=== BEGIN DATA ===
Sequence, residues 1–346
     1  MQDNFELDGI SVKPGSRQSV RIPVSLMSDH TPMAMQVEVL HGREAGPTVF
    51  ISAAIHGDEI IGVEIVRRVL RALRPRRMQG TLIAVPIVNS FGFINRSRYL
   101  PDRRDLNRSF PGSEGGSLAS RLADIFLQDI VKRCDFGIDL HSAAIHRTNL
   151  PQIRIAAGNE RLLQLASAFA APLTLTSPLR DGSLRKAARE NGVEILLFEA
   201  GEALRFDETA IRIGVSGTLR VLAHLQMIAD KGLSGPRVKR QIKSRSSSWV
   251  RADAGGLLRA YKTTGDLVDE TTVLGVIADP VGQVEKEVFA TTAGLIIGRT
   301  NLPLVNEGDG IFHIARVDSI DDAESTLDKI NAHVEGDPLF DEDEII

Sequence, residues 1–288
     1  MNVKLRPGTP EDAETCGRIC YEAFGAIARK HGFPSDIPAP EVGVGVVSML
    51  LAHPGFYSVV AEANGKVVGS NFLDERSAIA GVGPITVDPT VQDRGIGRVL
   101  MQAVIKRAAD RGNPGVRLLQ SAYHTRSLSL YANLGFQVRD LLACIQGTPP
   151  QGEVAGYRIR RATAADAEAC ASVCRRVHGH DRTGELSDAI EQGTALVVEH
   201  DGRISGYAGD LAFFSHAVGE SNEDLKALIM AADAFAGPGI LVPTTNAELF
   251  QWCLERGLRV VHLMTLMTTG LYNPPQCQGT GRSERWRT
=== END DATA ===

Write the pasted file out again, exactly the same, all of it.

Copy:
Sequence, residues 1–346
     1  MQDNFELDGI SVKPGSRQSV RIPVSLMSDH TPMAMQVEVL HGREAGPTVF
    51  ISAAIHGDEI IGVEIVRRVL RALRPRRMQG TLIAVPIVNS FGFINRSRYL
   101  PDRRDLNRSF PGSEGGSLAS RLADIFLQDI VKRCDFGIDL HSAAIHRTNL
   151  PQIRIAAGNE RLLQLASAFA APLTLTSPLR DGSLRKAARE NGVEILLFEA
   201  GEALRFDETA IRIGVSGTLR VLAHLQMIAD KGLSGPRVKR QIKSRSSSWV
   251  RADAGGLLRA YKTTGDLVDE TTVLGVIADP VGQVEKEVFA TTAGLIIGRT
   301  NLPLVNEGDG IFHIARVDSI DDAESTLDKI NAHVEGDPLF DEDEII

Sequence, residues 1–288
     1  MNVKLRPGTP EDAETCGRIC YEAFGAIARK HGFPSDIPAP EVGVGVVSML
    51  LAHPGFYSVV AEANGKVVGS NFLDERSAIA GVGPITVDPT VQDRGIGRVL
   101  MQAVIKRAAD RGNPGVRLLQ SAYHTRSLSL YANLGFQVRD LLACIQGTPP
   151  QGEVAGYRIR RATAADAEAC ASVCRRVHGH DRTGELSDAI EQGTALVVEH
   201  DGRISGYAGD LAFFSHAVGE SNEDLKALIM AADAFAGPGI LVPTTNAELF
   251  QWCLERGLRV VHLMTLMTTG LYNPPQCQGT GRSERWRT